UCF Arena, Orlando, Fl • May 18, 2008
The UCF Arena didn’t smell of AquaNet, nor were legions of feathered-hair teenaged girls crying tears of wanton devotion at the band’s feet, yet here we were in 2008 at a Duran Duran concert.
“Do they still play?” co-workers asked me when I told them how I’d be spending my Sunday night. Not only do they still play, they’ve never stopped. Over the years they’ve suffered a few lineup shifts — a fact that vocalist Simon Le Bon jokes about during the show — but through it all they’ve continuously put out albums and toured the world. The 2008 lineup features 4/5 of the original band (Andy Taylor left the group last June), and their latest album, Red Carpet Massacre, is worlds better than I had personally expected it to be.
Also better than anticipated were openers, Your Vegas. An unknown band warming up an arena for a bunch of devoted ’80s new wave fans wasn’t enough incentive for many to arrive early, but for those who did, the band was a sweet treat. The band from Leeds are part of the new new wave: The Killers, The Bravery and now — on a smaller scale — Your Vegas. Singer Coyle Girelli, whose voice was an odd mix of Bono and Siouxsie Sioux, won over the hearts of us all when he explained that the stool he spent the set leaning on wasn’t there for sheer laziness, but necessary to support his recently broken leg.
“Awwww,” sighed the ladies in the crowd.
“No, don’t feel sorry for me,” he explained. “It was the result of a drunken fall down some stairs in Chicago.”
When Duran Duran stepped out onto an elaborately lit stage, to the tune of the Clockwork Orange theme, it was 1984 for just one moment. Before the eyes adjusted and the wear and tear of twenty-some years became apparent on the boys who are now men, every fan in the arena could imagine that time had not caught up with any one of them or the band. It was a feeling that quickly faded into nostalgia, which in turn became a little melancholy.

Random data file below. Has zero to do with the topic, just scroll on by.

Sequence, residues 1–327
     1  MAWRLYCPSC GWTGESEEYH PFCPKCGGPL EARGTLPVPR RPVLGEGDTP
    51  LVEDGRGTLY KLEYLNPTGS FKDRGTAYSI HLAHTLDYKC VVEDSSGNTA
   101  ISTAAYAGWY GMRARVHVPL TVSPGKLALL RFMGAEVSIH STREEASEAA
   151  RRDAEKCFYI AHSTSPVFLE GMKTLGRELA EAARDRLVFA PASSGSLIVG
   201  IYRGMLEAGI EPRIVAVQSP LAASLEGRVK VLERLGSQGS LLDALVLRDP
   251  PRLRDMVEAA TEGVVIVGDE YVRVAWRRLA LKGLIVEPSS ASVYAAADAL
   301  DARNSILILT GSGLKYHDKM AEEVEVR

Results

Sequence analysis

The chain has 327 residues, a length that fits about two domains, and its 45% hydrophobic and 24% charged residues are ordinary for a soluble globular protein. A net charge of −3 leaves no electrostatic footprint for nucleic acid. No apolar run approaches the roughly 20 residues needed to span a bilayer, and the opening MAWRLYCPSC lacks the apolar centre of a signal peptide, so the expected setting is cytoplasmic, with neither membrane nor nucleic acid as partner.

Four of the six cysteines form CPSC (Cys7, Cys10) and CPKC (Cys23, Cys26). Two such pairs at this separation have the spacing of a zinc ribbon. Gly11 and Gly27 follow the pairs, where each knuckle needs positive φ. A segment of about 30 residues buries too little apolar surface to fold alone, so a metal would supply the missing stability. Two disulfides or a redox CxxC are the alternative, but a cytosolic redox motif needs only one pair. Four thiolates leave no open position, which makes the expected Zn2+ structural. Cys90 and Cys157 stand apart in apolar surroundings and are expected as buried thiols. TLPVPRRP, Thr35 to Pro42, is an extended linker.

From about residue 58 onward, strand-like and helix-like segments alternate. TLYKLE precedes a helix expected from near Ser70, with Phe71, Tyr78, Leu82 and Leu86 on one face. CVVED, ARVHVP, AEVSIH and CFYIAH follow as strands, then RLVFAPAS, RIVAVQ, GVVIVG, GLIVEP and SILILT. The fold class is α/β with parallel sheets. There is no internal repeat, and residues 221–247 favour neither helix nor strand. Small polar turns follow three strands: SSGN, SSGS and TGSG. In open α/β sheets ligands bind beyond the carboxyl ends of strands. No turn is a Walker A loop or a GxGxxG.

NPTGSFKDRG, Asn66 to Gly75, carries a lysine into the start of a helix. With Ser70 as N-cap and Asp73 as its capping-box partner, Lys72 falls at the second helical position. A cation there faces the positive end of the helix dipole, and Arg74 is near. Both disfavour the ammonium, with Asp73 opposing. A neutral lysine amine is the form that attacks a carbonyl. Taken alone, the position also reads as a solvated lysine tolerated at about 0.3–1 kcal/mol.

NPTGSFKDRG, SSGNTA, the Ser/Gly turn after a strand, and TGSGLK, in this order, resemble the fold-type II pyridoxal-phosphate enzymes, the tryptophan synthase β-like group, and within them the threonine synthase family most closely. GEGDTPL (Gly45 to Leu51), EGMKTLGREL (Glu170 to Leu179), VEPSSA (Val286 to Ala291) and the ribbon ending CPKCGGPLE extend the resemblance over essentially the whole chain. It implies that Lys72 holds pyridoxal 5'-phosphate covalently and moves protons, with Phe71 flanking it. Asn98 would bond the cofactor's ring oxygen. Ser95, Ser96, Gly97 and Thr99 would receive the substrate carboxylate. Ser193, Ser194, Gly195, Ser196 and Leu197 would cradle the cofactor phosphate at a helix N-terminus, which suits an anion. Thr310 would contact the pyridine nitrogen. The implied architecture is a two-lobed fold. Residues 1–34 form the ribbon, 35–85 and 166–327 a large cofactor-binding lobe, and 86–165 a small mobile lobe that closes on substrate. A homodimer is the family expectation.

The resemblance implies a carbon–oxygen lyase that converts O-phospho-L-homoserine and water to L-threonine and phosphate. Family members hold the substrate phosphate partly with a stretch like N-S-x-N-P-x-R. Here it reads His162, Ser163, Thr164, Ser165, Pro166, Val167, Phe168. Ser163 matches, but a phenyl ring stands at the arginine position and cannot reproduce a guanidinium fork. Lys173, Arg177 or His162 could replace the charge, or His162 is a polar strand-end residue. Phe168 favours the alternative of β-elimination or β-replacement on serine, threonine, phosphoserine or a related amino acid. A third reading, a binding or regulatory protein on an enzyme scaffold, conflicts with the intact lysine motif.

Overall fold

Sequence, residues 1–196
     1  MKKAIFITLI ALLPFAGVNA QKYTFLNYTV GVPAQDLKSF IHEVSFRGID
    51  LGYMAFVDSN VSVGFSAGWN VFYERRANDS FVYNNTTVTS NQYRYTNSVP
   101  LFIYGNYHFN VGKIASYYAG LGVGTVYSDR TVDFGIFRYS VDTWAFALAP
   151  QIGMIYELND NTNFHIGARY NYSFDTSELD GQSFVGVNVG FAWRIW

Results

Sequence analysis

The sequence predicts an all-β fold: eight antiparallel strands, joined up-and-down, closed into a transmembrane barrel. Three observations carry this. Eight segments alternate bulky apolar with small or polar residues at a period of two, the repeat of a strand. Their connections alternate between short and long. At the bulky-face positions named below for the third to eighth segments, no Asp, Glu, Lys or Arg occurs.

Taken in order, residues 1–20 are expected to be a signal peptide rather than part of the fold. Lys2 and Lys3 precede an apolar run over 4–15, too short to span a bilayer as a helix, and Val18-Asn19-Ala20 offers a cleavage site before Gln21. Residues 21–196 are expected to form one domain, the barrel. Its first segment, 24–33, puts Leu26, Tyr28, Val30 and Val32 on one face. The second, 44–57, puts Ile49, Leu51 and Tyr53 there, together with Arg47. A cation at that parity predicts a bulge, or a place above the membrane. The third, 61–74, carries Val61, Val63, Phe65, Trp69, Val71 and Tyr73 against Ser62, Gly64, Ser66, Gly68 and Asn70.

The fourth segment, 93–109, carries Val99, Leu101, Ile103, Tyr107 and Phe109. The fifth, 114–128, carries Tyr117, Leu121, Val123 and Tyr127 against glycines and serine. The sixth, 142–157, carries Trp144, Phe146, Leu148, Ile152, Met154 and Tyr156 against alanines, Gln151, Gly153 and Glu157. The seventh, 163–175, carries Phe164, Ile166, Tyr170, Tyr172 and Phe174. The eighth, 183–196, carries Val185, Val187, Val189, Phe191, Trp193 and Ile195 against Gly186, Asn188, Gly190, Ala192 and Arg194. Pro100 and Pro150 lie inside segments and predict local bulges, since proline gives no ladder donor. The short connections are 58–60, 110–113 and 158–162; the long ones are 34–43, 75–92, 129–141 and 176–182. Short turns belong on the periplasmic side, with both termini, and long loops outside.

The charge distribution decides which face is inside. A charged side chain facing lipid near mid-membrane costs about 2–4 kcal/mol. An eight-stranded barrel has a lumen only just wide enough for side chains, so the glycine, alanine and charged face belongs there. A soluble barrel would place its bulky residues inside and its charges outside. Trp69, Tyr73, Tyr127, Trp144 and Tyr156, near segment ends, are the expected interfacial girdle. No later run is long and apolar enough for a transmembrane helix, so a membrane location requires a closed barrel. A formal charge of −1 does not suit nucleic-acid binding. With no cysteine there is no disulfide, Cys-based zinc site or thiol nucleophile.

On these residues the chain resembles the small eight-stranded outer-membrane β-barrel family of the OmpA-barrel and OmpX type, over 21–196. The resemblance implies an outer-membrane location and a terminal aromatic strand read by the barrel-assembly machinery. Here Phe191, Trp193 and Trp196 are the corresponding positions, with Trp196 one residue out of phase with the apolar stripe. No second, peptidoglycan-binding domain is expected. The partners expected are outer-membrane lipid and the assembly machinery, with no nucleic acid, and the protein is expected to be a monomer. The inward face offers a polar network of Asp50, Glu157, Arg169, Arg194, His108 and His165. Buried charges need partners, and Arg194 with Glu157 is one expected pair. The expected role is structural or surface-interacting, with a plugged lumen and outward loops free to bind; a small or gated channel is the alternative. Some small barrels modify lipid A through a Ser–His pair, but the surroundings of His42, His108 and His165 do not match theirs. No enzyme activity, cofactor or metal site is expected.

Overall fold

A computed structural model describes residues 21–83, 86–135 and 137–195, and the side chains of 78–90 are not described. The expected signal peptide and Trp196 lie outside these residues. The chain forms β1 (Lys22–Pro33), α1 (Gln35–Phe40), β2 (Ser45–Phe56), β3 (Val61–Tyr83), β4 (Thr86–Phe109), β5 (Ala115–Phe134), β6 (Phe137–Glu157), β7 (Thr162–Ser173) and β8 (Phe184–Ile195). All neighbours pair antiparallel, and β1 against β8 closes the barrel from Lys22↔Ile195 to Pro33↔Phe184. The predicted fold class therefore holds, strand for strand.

Let me clarify, Duran Duran sounded amazing! The new songs (“Red Carpet Massacre,” “The Valley,” “Falling Down,” and “Nite Runner”) rubbed up beautifully against the scream-worthy classics (“Hungry Like the Wolf,” “The Reflex,” “View to a Kill,” and “Notorious”), and the guys demonstrated more energy than most bands their age that I’ve seen. Le Bon even managed a couple of jumps off of Nick Rhodes’ keyboard rise. Because of the quality of the new songs, this tour didn’t feel like a reunion tour or one more round of a band cashing in on old hits. The melancholy feeling was in the knowledge of the passage of time.
The band is older, the fans are older, and we all have more responsibilities than we did back in the carefree chaos of the ’80s. Gone are the days of Duran Duran pandemonium, and though many fans — even way up on the upper levels — stood out of their seats and danced the night away, it just didn’t feel as spontaneous and pure as it should have.
The band did everything right. The setlist was near perfect, the lights were enticing, the stage decoration artsy without being obnoxious, and Le Bon tried his hardest to get the audience to travel back in time with him and the band. I blame the size of the venue as the show’s only flaw. A show like this would have been unbelievable in a smaller venue like the Hard Rock Live, the concert’s producer. It was thought that the 3,000 capacity venue would not meet the ticket demand, and so the show was upgraded to the larger University arena. A sold-out show may have left a good many fans out in the cold, but it would have made the show that those lucky 3,000 saw undeniably memorable. Anyone who caught Morrissey’s 2007 hot ticket date at the Hard Rock Live in Orlando should agree with me.
Despite this minor drawback, two things became clear on this night: 1. Duran Duran is still a vital band in the world of popular music, and 2. Shoulder pads and feathered hair will never look good on anyone, anywhere, ever.
To see more photos of this show, and others, go to www.jencray.com.
Duran Duran: www.duranduran.com